The main issue arising in these petitions is how and in what manner the intermediaries should provide information including the names of the originators of any message/content/information shared on the platforms run by these intermediaries. There are various messages and content spread/shared on the social media, some of which are harmful. Some messages can incite violence. There may be messages which are against the sovereignty and integrity of the country.

Social media has today become the source of large amount of pornography. Pedophiles use social media in a big way. Drugs, weapons and other contraband can be sold through the use of platforms run by the intermediaries. In such circumstances, it is imperative that there is a properly framed regime to find out the persons/institutions/bodies who are the originators of such content/messages. It may be necessary to get such information from the intermediaries. Under the IT Act and the rules framed there under intermediaries are also required to furnish some information. Section 87 of the IT Act gives power to the Central Government to frame rules and in terms thereof, the Information Technology (Intermediaries Guidelines) Rules, 2011 have been notified.

Sub rule 4 and sub-rule 7 of Rule 3 of these Rules require the intermediaries to store certain information and that information has to be provided in accordance with the Rules. Some of the intermediaries submit that they cannot provide information either with regard to the content or with regard to the originators because they have end to end encryption and therefore, even the intermediaries are not in a position to find out who is the originator or what is the content. Before the Madras High Court one Professor of an IIT filed an affidavit that he is in a position to provide the technology which would enable the intermediary to DE-encrypt the encrypted message as and when the need arises.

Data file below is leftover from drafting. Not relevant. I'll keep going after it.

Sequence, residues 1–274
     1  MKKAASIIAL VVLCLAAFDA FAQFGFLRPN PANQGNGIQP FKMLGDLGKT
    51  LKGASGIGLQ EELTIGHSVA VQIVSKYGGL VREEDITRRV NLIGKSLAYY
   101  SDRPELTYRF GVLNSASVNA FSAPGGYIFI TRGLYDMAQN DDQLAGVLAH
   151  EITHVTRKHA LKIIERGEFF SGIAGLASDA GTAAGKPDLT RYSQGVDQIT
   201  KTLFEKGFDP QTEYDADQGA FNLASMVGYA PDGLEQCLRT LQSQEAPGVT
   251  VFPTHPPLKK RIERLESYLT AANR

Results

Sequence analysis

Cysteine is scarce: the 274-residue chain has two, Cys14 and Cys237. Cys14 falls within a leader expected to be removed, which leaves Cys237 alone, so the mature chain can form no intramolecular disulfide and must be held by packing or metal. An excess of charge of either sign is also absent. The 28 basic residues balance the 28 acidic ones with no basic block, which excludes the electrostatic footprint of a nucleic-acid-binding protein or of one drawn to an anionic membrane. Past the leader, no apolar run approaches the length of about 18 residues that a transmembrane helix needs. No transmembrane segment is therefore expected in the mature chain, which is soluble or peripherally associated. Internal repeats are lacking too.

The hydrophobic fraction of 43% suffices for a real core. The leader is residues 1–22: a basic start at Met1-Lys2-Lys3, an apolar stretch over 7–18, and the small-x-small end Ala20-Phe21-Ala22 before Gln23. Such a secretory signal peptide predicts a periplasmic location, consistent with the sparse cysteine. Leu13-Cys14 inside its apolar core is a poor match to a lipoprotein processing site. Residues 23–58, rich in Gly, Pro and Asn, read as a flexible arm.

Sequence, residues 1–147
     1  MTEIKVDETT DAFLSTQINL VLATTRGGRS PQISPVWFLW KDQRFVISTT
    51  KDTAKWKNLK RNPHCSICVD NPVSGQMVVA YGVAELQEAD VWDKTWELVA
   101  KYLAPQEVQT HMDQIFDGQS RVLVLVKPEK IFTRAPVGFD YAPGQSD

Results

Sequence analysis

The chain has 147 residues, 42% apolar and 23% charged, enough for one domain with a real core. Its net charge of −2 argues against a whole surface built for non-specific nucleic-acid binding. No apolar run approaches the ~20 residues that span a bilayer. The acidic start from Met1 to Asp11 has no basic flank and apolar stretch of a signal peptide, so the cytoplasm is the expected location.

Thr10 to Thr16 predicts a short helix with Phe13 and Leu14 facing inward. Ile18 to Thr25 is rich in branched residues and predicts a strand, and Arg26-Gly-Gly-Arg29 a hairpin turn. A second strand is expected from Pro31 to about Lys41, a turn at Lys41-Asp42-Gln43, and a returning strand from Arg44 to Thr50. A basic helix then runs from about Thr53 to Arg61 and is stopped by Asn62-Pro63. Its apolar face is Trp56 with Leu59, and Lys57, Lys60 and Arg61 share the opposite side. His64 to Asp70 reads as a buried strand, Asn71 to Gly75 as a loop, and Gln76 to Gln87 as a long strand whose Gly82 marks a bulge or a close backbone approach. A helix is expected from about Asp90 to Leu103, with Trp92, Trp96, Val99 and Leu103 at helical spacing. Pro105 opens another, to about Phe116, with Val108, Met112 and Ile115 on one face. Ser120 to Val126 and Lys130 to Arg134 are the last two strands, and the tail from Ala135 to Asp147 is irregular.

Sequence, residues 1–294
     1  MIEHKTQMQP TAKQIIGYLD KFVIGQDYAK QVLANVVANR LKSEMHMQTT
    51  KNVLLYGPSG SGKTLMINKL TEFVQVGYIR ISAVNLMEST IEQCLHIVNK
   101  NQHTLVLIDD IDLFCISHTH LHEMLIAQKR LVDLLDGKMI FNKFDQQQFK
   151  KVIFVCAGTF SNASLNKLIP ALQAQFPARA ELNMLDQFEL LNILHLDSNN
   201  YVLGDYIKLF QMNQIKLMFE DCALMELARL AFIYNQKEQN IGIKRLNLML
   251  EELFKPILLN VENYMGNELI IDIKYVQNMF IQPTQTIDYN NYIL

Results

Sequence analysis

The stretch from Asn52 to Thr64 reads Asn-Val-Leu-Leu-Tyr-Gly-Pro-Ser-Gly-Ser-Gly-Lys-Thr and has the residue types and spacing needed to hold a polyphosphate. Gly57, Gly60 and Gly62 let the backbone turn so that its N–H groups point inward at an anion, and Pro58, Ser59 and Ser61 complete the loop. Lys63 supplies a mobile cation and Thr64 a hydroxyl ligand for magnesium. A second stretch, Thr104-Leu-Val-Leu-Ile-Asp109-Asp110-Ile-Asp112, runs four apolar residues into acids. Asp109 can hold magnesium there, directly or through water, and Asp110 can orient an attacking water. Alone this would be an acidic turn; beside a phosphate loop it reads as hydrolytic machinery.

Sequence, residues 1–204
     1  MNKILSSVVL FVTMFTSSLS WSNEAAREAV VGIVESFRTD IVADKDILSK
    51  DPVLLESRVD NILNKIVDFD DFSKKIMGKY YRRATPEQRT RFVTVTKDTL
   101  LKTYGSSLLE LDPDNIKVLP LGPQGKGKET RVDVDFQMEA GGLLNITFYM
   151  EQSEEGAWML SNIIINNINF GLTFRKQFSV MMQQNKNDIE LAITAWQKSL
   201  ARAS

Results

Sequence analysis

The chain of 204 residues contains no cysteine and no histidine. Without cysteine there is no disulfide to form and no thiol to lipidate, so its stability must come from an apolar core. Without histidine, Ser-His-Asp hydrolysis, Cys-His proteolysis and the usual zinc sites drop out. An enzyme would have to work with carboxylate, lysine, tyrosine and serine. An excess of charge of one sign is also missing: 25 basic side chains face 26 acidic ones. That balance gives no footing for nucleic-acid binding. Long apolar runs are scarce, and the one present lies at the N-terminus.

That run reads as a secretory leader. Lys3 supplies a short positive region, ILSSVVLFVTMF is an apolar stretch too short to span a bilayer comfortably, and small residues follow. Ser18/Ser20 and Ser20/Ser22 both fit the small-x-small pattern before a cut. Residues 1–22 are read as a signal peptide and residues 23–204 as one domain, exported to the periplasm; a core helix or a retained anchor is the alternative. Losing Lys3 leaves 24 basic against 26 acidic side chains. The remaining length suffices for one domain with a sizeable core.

According to him, both the content and the identity of the originator of the content can be easily found. On the other hand, another Professor has filed an  affidavit to the contrary. It is not for this Court to enter into the scientific
field as to how and in what manner DE-encryption can be done. Reference may be made to the Information Technology (Procedure and Safeguards for Interception, Monitoring and Decryption of Information) Rules, 2009.

We  must also highlight that DE-encryption, if available easily, could defeat the fundamental right of privacy and DE-encryption of messages may be done under special circumstances but it must be ensured that the privacy of an
individual is not invaded. However, at the same time, the sovereignty of the State and the dignity and reputation of an individual are required to be protected. For purposes of detection, prevention and investigation of certain criminal activities it may be necessary to obtain such information.

DE-encryption and revelation of the identity of the originator may also be necessary in certain other cases, some of which have been highlighted herein above. We find that the law in this regard is still at a nascent stage and technology keeps changing every day, if not every hour. There are various creases which need to be ironed out. Though, the guidelines provided that the intermediaries should furnish the information, it is not clear how the intermediaries who are based abroad and do not even have grievance officer posted in the country, would be compelled to reveal this information. Before the Madras High Court, a statement was made on behalf of the Union of India that this matter is under active consideration of the Government of India. Ms. Aparna Bhat, learned counsel submitted that the draft rules in this regard have already been framed and are only required to be notified.

BY – MAHIMA NAYYAR

EDITED BY-RUPAL